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New York Mets Host Autism Awareness Day 2013 at Citi Field!

On Saturday, April 28th the New York Mets hosted their Autism Awareness Day at Citi-Field (their home stadium) to help raise awareness for autism! Countless Met fans and community members alike got to enjoy a pre-game party in the Bullpen Plaza which included several activities for those in attendance to enjoy!

Some of the activities that were highlighted included a Super Soccer Stars exhibit, yoga exercises by Hosh Kids and art therapy projects by the Queens Museum of Art! One of the bigger highlights for the autism families was the Sensory Cozy Corner hosted by “Emerge and See” an educational center located in New York for children with Autism and other developmental and emotional differences. This area was pivotal as it gave families a place to head to who needed a quiet space before and during the game! These supports helped tremendously throughout the day. Their was also an Autism Friendly seating section blocked off for ticket holders where the speakers sounds were lowered along with family restrooms provided in the far corner.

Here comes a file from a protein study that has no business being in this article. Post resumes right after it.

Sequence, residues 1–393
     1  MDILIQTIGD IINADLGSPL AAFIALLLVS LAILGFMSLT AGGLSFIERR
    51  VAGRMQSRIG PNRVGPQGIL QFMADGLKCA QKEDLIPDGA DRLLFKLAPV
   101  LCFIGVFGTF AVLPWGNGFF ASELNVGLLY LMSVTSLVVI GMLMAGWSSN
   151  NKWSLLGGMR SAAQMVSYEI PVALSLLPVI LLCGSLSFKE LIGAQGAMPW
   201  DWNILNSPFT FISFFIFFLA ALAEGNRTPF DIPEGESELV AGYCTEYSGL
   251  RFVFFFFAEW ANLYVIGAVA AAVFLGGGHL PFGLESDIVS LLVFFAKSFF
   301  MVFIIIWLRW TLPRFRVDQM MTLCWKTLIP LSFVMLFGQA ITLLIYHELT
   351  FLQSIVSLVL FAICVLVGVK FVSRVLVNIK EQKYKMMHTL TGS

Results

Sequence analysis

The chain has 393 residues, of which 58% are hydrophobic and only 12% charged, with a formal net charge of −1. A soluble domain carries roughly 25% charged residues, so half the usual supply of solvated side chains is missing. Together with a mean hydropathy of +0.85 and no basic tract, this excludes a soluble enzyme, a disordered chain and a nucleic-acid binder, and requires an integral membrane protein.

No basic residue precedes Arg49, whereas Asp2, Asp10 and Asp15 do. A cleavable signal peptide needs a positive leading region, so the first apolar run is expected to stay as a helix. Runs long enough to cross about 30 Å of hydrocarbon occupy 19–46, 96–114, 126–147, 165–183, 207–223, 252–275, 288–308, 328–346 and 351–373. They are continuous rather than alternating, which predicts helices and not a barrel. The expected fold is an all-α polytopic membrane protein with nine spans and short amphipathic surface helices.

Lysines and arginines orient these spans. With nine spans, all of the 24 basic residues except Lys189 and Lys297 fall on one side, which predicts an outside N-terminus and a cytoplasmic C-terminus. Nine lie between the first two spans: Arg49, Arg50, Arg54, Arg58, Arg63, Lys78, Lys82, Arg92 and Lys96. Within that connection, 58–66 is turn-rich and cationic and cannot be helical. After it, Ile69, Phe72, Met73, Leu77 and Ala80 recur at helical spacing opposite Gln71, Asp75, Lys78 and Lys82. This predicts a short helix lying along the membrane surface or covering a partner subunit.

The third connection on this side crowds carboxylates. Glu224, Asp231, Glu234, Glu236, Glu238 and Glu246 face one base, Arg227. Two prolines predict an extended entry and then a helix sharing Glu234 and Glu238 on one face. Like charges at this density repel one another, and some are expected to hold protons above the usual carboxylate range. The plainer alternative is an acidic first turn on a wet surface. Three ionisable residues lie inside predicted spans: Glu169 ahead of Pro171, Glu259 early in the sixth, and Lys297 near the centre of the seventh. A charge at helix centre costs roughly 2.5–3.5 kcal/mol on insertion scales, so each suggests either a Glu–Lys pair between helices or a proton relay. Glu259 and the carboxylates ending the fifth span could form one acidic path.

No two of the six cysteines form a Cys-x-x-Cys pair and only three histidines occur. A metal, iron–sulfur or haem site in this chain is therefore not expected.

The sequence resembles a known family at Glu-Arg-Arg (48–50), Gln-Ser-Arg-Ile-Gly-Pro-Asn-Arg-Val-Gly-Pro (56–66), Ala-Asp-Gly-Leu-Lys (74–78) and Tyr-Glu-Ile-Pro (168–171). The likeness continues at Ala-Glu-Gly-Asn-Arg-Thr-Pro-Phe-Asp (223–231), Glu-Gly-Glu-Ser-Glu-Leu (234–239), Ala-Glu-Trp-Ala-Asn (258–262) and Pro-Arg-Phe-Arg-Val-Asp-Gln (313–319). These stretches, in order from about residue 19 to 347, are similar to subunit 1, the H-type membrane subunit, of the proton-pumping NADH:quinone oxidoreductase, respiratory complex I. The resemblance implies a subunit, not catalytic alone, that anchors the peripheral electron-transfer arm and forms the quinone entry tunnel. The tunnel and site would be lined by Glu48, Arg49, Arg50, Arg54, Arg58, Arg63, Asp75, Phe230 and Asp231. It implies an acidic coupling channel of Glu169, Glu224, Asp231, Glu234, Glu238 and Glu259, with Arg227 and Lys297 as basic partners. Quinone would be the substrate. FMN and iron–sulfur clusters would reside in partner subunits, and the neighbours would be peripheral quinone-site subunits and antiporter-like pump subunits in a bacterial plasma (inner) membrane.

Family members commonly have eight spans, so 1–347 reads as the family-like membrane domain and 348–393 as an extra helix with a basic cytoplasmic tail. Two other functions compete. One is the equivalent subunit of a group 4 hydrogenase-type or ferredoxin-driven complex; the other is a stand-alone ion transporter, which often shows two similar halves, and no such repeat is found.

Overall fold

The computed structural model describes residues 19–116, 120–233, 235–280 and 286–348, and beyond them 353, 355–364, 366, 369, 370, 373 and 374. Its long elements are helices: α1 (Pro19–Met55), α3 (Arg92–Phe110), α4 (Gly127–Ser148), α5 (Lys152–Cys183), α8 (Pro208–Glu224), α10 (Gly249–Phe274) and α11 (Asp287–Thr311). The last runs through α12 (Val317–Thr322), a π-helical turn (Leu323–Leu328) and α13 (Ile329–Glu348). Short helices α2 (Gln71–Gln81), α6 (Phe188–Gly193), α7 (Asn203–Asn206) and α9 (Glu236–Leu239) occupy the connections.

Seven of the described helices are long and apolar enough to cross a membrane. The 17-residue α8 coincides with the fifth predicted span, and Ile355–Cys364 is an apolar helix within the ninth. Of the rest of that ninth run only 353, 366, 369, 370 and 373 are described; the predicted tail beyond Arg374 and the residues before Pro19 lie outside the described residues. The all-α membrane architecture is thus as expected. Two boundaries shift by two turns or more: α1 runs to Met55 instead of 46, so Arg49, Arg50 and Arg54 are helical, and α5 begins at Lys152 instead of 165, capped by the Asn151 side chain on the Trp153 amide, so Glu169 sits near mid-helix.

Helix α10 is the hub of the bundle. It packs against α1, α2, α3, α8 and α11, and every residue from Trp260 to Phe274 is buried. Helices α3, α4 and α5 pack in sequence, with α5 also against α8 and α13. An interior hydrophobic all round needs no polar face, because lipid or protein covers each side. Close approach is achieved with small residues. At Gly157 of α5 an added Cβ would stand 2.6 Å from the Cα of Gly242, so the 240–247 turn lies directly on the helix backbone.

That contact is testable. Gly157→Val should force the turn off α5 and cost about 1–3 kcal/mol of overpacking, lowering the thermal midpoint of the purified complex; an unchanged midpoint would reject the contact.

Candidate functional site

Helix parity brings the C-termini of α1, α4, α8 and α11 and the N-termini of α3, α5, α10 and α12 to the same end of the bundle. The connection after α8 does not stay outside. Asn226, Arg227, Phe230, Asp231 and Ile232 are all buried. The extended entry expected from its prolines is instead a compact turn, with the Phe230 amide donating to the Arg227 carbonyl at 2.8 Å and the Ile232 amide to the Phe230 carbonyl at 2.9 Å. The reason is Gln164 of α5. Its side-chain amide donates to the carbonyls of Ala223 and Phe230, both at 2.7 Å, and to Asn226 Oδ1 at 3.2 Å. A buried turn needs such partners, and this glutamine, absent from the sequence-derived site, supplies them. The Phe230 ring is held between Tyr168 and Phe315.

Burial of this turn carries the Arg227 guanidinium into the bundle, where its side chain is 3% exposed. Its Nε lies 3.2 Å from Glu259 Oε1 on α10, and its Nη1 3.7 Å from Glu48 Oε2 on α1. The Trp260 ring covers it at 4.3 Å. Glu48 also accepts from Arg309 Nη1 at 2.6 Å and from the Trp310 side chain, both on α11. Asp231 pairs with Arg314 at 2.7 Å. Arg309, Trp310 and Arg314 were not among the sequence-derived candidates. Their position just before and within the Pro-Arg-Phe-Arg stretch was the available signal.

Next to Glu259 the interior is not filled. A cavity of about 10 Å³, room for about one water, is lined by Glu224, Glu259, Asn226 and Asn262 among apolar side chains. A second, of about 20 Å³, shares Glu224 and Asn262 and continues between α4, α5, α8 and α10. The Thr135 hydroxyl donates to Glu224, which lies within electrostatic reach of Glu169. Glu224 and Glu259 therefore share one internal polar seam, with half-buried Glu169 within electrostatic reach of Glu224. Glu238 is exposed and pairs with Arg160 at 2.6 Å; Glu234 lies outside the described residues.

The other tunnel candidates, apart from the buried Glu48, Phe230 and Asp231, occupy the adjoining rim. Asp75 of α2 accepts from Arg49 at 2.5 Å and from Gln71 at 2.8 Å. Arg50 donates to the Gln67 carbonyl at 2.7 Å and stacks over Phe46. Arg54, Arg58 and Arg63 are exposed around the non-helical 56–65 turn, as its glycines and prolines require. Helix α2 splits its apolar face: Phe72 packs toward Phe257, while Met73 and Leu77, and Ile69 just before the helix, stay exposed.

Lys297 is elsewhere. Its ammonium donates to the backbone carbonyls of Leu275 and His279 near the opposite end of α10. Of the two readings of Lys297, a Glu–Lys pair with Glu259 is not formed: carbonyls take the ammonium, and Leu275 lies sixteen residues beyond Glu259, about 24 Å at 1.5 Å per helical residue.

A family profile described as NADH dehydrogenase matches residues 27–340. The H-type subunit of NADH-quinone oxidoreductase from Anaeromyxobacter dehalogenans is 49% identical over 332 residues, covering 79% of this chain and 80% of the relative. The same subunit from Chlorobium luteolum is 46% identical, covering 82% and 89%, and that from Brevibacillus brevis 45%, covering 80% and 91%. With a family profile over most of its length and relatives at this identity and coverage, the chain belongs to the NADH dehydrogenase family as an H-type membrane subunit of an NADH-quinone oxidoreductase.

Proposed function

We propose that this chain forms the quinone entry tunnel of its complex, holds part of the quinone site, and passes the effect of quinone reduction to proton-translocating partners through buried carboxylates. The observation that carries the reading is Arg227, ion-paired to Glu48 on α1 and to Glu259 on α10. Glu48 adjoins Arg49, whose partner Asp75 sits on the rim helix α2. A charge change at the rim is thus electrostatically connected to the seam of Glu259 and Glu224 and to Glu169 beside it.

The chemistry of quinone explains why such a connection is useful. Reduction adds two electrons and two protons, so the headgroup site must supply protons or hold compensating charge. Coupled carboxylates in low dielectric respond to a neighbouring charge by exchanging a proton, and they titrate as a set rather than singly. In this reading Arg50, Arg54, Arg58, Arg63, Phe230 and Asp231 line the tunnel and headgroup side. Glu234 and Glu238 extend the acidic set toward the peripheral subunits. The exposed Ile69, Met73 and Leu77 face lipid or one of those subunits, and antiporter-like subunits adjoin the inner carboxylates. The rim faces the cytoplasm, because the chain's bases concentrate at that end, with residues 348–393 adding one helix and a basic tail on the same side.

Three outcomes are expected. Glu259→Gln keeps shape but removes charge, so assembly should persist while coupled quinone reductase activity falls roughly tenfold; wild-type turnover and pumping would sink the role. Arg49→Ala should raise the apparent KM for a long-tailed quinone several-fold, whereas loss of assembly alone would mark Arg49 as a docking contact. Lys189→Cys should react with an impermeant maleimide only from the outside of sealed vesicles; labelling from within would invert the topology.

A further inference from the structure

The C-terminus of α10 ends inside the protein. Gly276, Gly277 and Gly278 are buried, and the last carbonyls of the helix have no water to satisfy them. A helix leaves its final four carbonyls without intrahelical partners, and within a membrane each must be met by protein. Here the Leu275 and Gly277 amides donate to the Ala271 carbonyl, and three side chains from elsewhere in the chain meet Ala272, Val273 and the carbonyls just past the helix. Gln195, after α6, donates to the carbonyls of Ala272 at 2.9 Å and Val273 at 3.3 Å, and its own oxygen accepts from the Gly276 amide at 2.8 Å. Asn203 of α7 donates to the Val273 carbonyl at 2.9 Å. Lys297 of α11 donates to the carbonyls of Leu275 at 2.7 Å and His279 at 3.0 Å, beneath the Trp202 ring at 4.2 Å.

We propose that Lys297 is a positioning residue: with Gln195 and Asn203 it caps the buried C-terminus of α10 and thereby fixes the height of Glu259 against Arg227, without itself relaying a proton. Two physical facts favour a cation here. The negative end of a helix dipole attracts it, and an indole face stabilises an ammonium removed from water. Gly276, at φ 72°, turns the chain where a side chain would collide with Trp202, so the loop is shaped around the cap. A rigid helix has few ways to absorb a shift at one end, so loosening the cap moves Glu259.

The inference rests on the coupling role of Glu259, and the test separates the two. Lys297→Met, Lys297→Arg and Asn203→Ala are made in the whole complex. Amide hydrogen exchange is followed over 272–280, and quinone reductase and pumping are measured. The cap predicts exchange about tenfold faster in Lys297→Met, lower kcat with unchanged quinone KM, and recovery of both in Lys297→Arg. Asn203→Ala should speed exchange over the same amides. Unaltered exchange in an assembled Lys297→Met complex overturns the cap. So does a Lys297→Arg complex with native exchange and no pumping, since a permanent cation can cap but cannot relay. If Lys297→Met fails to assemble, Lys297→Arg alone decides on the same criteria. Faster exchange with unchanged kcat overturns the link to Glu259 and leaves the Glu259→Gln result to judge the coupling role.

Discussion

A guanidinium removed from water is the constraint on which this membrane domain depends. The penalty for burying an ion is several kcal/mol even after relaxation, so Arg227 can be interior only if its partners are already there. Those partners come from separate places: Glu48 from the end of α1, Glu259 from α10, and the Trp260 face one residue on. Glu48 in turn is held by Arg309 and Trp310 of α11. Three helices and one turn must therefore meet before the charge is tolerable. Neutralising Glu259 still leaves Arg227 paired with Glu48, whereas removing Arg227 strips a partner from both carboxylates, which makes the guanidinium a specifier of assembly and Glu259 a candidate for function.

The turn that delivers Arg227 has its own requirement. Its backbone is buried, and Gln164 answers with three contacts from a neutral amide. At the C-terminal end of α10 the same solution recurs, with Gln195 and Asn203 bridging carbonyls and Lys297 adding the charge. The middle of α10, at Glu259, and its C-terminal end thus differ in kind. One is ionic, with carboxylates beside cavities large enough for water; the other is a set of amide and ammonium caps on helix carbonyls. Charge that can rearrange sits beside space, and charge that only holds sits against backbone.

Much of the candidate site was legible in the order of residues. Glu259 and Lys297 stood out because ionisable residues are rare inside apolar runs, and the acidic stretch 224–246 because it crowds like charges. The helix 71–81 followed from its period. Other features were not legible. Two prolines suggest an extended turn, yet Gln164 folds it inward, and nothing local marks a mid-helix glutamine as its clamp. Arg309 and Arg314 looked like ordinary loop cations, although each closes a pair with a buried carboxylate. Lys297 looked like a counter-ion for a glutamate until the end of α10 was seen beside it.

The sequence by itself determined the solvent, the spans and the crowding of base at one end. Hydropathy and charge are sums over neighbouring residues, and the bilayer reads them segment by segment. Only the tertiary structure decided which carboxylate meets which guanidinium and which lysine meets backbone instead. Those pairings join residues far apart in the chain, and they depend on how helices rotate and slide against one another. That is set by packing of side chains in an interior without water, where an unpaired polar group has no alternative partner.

After the pre-game festivities we had a special moment when the first pitch was thrown out by 11-year-old Tyler Wittels with his dad David.

If this wasn’t enough the Mets and MLB were gracious enough tohighlight their Autism Awareness Day by sharing on their screens for portions of the game signage and PSA videos focused on autism awareness!

Special thanks go out the Mets staff and MLB again for helping out with this league-wide effort to raise awareness for autism! A special shout-out also goes out to our Autism Speaks volunteers on hand who assisted families in different sections of the stadium, manned the AS table which provided information on Autism along with giving out Autism Speaks thunder sticks and temporary puzzle piece tattoo’s!

For more information about MLB Autism Awareness and to check on the rest of the Club dates commemorating the initiative, please check out MLB’s site here


The Autism Speaks blog features opinions from people throughout the autism community. Each blog represents the point of view of the author and does not necessarily reflect Autism Speaks' beliefs or point of view.